Junk Food Discrepancy

Megan Rose

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“Junk food” is a universal term that reaches the ears of everyone in the entire world. Its effects are obesity, diabetes and many other health risks. Junk food kills people and puts others at serious risk. If it poses so many problems, why do we continue to make and distribute processed and health deteriorating foods? Easy answer to that — it’s cheap, profitable, and quite simple to make. Junk food contains much less nutrients than other foods, so it doesn’t require as much time to make them. For example, a freezer pizza versus homemade pizza.  “Why not change the ingredients or add nutrients to them?” you might ask. Well, additional ingredients create a different taste and a longer time of processing. Junk food is a horrid and corrupt substance and should be changed or possibly even banned by law, but that’s a dramatic change that many are not willing to accept or follow through with.

Junk food can be defined as food items that contain less nutritional value than other items. Excess fat and sugar is added to make up for the lack of nutrition but it is by no means a good substitution, it’s more so for taste and material. Junk food often contains harmful processed ingredients such as high fructose corn syrup and high amounts of salt — both have lead to the increase of obesity. Between 1980 and 2014, obesity doubled in children and quadrupled in adolescents, according to the CDC (“Junk Food”). As a result of eating high sodium, high fat and high sugar products, energy gradually depletes. Between 1977 and 1996, the ratio of snack calories to total calories for children in the U.S. between the ages of 2 and 5 has increased by 30%(“Junk-Food Facts”). Junk food barely resembles foods that would support our health and sustain us for a long time(Oz, Reisman, Weil). Junk food also lacks adequate resources of nutrients such as proteins, vitamins, minerals and water, creating a decrease in overall metabolism which is directly affected by core energy levels. Depletion in energy causes one to physically and mentally lose interest in exercising (“Fast Food Nutrition”).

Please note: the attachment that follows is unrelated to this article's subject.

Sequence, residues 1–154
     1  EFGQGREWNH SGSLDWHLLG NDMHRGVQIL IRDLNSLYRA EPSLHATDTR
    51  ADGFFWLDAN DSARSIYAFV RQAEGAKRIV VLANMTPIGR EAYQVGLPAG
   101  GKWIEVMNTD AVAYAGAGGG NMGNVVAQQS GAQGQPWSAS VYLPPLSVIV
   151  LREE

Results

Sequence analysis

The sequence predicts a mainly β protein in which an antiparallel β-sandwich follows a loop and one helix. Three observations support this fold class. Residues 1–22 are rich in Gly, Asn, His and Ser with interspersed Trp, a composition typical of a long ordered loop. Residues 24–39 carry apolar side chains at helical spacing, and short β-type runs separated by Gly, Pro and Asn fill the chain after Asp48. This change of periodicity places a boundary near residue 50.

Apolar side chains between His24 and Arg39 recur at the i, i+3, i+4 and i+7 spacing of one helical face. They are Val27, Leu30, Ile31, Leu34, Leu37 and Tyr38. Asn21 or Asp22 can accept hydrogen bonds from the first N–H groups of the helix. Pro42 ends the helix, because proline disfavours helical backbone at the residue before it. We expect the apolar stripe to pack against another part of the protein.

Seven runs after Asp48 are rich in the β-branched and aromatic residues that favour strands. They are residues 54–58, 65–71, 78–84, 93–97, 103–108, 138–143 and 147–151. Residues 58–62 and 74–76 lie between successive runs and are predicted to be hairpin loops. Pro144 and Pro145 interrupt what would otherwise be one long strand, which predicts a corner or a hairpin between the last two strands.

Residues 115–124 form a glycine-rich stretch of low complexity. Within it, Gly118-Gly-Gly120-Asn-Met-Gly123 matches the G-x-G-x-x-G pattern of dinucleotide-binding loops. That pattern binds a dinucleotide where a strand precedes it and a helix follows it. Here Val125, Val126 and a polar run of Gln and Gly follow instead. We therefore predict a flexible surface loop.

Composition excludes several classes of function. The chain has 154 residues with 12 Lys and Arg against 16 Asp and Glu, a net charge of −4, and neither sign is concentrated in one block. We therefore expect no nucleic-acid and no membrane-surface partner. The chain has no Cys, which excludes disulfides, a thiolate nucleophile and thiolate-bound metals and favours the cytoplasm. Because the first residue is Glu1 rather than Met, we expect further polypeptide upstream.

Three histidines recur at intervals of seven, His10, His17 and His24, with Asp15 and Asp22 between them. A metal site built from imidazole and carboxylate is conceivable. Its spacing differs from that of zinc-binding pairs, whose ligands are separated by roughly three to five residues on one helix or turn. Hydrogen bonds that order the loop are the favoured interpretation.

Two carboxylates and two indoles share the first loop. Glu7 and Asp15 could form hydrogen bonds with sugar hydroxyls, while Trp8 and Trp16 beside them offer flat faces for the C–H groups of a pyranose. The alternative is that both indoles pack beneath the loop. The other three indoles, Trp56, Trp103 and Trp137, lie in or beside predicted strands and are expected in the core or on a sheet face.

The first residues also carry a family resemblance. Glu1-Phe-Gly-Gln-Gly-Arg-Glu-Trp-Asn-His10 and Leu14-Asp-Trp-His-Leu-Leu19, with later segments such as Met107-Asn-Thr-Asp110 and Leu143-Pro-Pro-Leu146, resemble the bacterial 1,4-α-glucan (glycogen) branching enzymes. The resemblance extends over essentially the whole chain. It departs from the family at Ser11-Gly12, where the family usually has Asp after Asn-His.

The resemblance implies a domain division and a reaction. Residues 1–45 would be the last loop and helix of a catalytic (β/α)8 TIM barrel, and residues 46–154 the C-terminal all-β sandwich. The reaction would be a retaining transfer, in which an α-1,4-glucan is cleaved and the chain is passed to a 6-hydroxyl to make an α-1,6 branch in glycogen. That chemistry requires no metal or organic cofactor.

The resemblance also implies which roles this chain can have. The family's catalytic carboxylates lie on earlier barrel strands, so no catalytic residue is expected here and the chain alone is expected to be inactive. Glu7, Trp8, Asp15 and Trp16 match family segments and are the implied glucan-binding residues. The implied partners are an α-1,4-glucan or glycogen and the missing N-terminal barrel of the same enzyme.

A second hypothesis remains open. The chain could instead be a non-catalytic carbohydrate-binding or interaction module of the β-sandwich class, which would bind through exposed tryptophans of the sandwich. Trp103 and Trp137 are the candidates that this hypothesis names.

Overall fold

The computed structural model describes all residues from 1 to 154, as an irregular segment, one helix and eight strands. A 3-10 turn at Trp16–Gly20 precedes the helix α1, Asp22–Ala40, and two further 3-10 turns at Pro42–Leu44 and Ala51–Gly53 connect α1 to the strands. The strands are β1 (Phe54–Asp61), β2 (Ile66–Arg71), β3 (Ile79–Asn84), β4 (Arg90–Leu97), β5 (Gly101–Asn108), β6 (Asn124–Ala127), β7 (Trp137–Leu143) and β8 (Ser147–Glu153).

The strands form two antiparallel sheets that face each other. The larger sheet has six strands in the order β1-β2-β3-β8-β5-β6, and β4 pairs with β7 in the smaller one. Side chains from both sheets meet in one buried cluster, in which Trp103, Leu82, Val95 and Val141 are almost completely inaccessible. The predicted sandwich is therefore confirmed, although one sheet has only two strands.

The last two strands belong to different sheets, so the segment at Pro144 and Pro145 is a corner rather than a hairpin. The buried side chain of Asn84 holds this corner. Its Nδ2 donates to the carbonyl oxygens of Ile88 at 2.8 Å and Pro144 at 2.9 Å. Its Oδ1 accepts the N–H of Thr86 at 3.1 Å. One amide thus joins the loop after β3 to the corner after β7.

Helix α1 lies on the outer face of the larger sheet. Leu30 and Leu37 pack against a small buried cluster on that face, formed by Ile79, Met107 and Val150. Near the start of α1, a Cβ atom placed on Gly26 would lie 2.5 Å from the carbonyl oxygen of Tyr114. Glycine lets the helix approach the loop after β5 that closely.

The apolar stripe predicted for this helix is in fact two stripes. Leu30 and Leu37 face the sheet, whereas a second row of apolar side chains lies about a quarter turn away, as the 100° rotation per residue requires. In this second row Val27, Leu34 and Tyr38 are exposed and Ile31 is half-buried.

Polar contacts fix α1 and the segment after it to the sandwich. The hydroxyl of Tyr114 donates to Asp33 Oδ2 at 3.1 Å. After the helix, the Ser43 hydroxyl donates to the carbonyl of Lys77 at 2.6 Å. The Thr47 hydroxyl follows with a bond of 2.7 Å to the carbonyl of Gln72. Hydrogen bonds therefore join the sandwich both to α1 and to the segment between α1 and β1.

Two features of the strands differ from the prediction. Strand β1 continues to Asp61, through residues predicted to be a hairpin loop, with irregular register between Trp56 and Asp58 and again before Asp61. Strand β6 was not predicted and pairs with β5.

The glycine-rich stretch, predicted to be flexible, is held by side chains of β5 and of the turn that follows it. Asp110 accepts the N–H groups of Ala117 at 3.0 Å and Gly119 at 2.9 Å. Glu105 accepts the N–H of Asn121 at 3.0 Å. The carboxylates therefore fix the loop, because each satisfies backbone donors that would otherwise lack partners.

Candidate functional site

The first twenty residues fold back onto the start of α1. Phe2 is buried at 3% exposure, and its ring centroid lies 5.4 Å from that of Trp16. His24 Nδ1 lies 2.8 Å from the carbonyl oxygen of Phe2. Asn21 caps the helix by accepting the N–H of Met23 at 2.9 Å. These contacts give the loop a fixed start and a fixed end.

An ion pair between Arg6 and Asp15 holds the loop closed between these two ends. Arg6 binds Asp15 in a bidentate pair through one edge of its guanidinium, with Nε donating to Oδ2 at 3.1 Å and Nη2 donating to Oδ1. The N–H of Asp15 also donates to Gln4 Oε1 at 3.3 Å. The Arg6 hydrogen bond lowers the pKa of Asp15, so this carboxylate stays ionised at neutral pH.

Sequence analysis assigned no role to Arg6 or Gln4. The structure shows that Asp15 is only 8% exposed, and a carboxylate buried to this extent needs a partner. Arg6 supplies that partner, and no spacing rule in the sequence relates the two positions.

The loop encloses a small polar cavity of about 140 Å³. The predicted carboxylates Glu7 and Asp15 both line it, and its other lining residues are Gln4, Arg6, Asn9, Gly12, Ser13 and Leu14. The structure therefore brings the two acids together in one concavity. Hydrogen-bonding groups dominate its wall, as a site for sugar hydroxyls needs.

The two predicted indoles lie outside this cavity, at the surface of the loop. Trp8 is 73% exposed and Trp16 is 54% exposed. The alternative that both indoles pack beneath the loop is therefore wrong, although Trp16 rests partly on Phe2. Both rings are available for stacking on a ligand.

After consistently eating junk food, the body begins to realize the lack of complex carbohydrates and proteins that the body isn’t digesting which explains the difference in blood sugar levels. Good blood sugar levels include, 70-99 mg/dl before-meal, less than 140 mg/dl two hours after a meal and under 100 mg/dl when awakened (Spero). Soon, your body’s realization of the lack of good digestion will be registered in your brain and pancreas,  diabetes will then come into effect which more often than not will possibly lead to obesity.  In addition, eating junk food creates frequent mood swings and constipation. Junk food also wreaks havoc on the brain’s memory and learning process. The American Journal of Clinical Nutrition published a study that showed healthy people scoring badly on cognitive tests based on eating junk food five days. Those cognitive tests studied attention, speed and mood–all necessary skills that are needed in your everyday life. The tests also concluded that just eating junk food consistently for 5 days could deteriorate your memory as well.  A toxic diet such as that would most likely result in a release of chemical reactions that then lead to inflammation in the area of the brain that specializes in memory and precise recognition(“5 Harmful Effects” ). Junk food in general is leading to a worldwide epidemic.